Giant salvinia rapidly growing in TX, LA lakes

Tuesday, June 28, 2011 - 10:38am

Giant salvinia, the invasive species of aquatic weed, is spreading in lakes across Texas, Louisiana and other parts of the South. 

Louisiana Congressman John Fleming and Texas Congressman Louie Gohmert are joining up with scientists to find a way to save our lakes.

Carpets of giant salvinia covering water bodies can prevent swimming, skiing and fishing.  This could happen to Caddo Lake and Lake Bistaneau if the fast-growing giant salvinia is not eradicated.

The general growth pattern of the aquatic weed is about two weeks, but because of the warmth and nutrition in area waters, the growth takes about half that time, said Louisiana's 9th District Rep. Henry Burns.

The use of weevils and chemical control to eradicate the giant salvinia is only a temporary fix, officials said.

"It's got tiny hairs and the hair actually bifurcates into four different little tinier hairs, and it catches bubbles and that makes it resistant to herbicides," explained Congressman Fleming while on the boat touring Caddo Lake.

Dr. Randy Westbrooks, an Invasive Species Prevention Specialist with the U.S. Geological Survey, told us that only one thing can make a difference completely, "if the public gets involved and make sure that their boats are clean."

The giant salvinia can get stuck on boats and boat trailers, so when those boats are taken to other lakes, so is that salvinia.

Fleming said sportsmen can help the process of eradication by properly cleaning their boats, equipment and gear once they bring it out of the water.  "Because if you put that back into another body of water, you can actually be metastasizing this problem to other lakes and ponds around the area."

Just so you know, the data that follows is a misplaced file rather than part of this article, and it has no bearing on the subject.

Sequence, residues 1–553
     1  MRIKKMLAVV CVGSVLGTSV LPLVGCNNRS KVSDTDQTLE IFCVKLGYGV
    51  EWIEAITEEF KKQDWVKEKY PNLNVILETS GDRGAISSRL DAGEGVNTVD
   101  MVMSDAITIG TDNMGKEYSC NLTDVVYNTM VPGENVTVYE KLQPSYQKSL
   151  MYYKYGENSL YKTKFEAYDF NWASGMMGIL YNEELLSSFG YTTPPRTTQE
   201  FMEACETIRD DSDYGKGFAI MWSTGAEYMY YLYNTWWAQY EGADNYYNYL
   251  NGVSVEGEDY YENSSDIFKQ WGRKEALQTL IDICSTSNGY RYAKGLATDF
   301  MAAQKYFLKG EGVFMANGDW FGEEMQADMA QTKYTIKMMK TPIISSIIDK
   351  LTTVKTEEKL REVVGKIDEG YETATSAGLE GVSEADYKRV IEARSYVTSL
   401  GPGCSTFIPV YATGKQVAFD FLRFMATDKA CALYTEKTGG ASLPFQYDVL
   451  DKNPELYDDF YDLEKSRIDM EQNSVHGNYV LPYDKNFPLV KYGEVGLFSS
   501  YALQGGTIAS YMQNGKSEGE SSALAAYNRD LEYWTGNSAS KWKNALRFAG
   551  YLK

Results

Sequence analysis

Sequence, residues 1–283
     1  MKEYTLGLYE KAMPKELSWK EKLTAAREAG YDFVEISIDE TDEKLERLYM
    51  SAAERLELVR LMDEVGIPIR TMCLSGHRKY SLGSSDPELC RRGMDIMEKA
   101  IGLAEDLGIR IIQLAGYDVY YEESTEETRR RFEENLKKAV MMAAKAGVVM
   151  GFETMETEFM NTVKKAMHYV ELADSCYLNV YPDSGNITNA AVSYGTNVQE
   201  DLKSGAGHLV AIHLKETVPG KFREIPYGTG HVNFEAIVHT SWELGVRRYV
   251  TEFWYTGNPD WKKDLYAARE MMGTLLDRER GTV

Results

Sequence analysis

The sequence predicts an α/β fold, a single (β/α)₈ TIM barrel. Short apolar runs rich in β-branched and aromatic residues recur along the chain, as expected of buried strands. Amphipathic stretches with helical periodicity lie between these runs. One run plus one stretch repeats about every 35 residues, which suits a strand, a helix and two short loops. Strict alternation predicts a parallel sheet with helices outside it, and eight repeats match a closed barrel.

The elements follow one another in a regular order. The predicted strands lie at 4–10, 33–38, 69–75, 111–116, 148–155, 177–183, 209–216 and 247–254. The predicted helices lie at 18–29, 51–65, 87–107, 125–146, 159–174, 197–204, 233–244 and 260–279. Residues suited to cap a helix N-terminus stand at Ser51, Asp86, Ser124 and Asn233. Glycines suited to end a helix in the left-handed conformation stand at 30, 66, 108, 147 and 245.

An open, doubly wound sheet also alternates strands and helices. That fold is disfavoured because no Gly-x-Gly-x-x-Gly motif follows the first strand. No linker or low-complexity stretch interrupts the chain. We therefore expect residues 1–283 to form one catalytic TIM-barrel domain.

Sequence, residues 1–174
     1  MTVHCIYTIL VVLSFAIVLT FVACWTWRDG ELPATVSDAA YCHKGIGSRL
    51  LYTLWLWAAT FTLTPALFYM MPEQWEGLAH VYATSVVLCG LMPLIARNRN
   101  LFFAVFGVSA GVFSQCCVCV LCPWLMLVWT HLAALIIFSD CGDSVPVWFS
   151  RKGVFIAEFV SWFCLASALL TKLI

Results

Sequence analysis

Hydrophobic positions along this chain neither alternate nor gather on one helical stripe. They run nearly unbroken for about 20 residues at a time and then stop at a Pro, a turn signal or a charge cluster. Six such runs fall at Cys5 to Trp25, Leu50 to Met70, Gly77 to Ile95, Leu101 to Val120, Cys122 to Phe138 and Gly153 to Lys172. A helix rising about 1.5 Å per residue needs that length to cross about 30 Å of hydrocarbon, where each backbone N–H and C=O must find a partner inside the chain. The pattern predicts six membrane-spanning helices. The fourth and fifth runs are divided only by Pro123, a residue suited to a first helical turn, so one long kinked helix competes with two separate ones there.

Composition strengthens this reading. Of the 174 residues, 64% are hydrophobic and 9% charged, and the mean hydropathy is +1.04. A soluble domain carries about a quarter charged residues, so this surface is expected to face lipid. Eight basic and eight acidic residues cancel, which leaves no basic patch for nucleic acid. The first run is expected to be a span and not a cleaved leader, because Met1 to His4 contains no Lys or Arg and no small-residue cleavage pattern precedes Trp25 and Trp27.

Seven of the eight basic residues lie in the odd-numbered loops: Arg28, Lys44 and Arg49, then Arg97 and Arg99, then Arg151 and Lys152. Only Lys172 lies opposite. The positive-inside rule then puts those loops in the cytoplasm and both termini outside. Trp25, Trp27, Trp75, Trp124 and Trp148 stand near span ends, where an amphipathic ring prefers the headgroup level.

That spreading and growth makes it difficult for fish and other parts of the ecosystem to survive underneath that green carpet of giant salvinia.  Getting rid of the aquatic weed is vital for sportsmanship to survive on area lakes.

"What we want to do is collate this data and come together and decide what is the best way to deal with this," said Fleming.  "(It) seems, thus far, the use of the weevil is the most cost-effective approach, but none of these will fully-eradicate (giant salvinia); it certainly lowers the growth."

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Chemical eradication is never a viable answer to anything with only a few exceptions as the chemical dream continues to indicate an uncontrolled nightmare for future generations. When will we shun these poisons that collectively are making is sicker as they become more concentrated in our water and air and our food if the water is used for irrigation of food crops.

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